Conjuror Cow / Where’s William’s Washing?

Conjuror Cow
Julia Donaldson and Nick Sharratt
Macmillan Children’s Books
Although Julia Donaldson’s rhyming in this lift-the-flap- book is impeccable, Conjuror Cow’s magic skills are decidedly lacking as she makes several abortive attempts to produce a white rabbit from her top hat, a cake, a trap door in the floor and a snazzy table cloth,

before Nick Sharratt’s vastly amused mouse and pig onlookers give her the instructions that finally lead to a surprise revelation.

As you would expect Nick’s illustrations are alive with his trademark zany humour. Who can fail to fall for the charms not only of Conjuror Cow but also the team of bit part players?

Fantastic fun for toddlers and readers aloud too.

Where’s William’s Washing?
Kate Hindley
Simon & Schuster

What a delight to be back in Treacle Street on a breezy summery afternoon. William Tripehound is taking advantage of the breeze to dry his washing but all of a sudden, WHOOSH! The wind whisks the contents of William’s washing basket and the clothes he’s just pegged onto the line up and away.

The search is on aided and abetted by young listeners who will love to help lift the flaps and discover the whereabouts of William’s red striped apron, his checked trousers, his socks,

and his underpants.

Happily, thanks to audience assistance, by the end of the story William has all his washing back save one item, the new use for which is just too ideal to reclaim, and the pooch is more than happy to serve yummy pie and gravy teas as thank yous to all the Treacle Street helpers.

With her playful text and delectable, slightly retro, detailed illustrations the third visit to Kate Hindley’s Treacle Street is every bit as enjoyable as the previous ones.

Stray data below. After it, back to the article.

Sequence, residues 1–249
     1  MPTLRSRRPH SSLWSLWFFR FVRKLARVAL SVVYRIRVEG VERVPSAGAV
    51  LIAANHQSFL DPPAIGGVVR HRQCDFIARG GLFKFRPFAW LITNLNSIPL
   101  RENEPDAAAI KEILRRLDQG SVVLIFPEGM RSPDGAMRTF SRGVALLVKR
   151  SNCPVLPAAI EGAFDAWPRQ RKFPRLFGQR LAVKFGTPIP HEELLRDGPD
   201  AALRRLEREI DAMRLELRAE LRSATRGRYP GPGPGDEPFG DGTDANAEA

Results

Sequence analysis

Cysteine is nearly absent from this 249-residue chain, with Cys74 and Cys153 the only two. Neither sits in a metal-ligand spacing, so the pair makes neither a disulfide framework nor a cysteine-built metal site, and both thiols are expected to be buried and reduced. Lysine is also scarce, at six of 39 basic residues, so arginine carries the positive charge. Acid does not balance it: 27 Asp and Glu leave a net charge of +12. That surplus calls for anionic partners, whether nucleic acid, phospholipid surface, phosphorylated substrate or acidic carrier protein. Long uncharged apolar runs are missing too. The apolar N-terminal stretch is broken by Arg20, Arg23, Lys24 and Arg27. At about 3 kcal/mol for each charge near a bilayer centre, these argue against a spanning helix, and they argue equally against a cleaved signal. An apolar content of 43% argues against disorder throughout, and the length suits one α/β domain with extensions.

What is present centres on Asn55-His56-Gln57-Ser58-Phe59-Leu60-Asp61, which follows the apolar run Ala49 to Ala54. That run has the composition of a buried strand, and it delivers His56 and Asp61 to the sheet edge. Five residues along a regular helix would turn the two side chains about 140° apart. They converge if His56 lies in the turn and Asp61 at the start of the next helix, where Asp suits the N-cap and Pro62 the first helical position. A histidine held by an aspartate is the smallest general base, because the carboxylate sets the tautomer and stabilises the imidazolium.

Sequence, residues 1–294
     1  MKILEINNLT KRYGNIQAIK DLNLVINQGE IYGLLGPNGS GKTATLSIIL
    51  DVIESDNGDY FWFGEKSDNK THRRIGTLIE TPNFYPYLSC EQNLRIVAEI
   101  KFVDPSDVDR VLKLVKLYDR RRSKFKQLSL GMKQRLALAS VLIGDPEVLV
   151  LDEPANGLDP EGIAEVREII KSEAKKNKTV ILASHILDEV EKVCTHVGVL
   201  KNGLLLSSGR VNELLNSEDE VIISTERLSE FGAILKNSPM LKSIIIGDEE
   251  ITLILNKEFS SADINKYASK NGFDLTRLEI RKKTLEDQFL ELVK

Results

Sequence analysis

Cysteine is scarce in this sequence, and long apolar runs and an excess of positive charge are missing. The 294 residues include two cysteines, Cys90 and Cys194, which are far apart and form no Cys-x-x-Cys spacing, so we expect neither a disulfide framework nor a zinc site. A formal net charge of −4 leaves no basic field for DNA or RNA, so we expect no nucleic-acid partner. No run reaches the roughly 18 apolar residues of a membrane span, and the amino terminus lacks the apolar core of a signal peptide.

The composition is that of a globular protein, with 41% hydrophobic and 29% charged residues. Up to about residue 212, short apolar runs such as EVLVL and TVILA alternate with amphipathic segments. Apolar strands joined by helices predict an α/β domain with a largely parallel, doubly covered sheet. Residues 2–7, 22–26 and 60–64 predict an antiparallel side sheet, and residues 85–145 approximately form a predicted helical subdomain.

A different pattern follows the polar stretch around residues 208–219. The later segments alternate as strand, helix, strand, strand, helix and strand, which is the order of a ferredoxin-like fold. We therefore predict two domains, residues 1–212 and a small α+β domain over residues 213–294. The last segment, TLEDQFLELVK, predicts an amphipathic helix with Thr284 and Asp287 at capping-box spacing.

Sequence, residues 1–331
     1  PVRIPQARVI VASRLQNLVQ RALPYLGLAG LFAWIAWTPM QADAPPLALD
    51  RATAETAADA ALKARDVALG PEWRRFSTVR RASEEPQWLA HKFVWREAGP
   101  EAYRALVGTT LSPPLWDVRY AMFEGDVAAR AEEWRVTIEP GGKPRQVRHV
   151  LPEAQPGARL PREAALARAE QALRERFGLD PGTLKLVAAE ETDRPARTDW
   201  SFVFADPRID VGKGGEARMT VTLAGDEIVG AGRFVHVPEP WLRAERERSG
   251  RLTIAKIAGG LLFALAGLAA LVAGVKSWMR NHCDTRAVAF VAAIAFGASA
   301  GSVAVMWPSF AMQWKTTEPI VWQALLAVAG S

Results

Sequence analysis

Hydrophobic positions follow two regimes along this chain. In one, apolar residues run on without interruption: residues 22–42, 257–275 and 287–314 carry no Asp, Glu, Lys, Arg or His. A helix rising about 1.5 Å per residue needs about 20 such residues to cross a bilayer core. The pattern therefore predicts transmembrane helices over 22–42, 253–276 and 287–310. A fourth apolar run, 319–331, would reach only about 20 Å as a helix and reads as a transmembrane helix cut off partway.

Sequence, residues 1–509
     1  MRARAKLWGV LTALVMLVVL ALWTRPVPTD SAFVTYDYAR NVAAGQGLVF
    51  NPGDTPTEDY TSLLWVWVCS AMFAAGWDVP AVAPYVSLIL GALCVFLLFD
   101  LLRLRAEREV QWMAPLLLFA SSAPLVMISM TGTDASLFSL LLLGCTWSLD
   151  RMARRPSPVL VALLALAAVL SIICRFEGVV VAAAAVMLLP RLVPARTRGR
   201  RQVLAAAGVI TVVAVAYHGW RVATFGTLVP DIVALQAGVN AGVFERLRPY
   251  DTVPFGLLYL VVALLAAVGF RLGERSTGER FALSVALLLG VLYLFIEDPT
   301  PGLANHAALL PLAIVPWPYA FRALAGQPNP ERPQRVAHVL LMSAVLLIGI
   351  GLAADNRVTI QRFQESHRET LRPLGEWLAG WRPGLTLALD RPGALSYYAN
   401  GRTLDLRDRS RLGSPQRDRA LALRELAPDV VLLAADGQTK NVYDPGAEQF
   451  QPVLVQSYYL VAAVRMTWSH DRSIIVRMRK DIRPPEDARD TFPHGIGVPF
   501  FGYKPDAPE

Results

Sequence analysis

Marcel’s Parcels / Prima’s Missing Bunnies

Marcel’s Parcels
Prima’s Missing Bunnies

Kate Hindley
Simon & Schuster

These are the first of Kate Hindley’s lift-the-flap board book stories set in Treacle Street.

Marcel the elephant stars in the first title and youngsters accompany him on his post round. His trolley, we discover when the flap is lifted, is loaded with lots of parcels so he has a busy time ahead.

His first delivery is to Prima Pavlova’s dance school with some much needed gear for their next performance.

The next stop is to unload a very large parcel for William at the pie shop,

followed by a wheel delivery for Arabella at Grease Monkeys Garage.

What about the final parcel; it’s addressed to the resident of the very last house in the street: now who could that be? …

We’re back at Prima Pavlova’s dance school for the second story and it’s the evening of the bunnies’ very first performance. There’s a big problem though: all the star performers have gone missing and Prima is in a terrible state. So much so that she needs the help of readers to search for them.

It’s a search that takes us high and low to the café, the prop shop, the orchestra pit

and finally the dressing room. How could they do such mischief on that important night? The audience are ready but can the curtain go up on time?

Kate’s characteristic quirky, patterned illustrations packed with wonderful details, along with her interactive narrative, ensure that little ones will demand these stories over and over, and eagerly anticipate further visits to Treacle Street.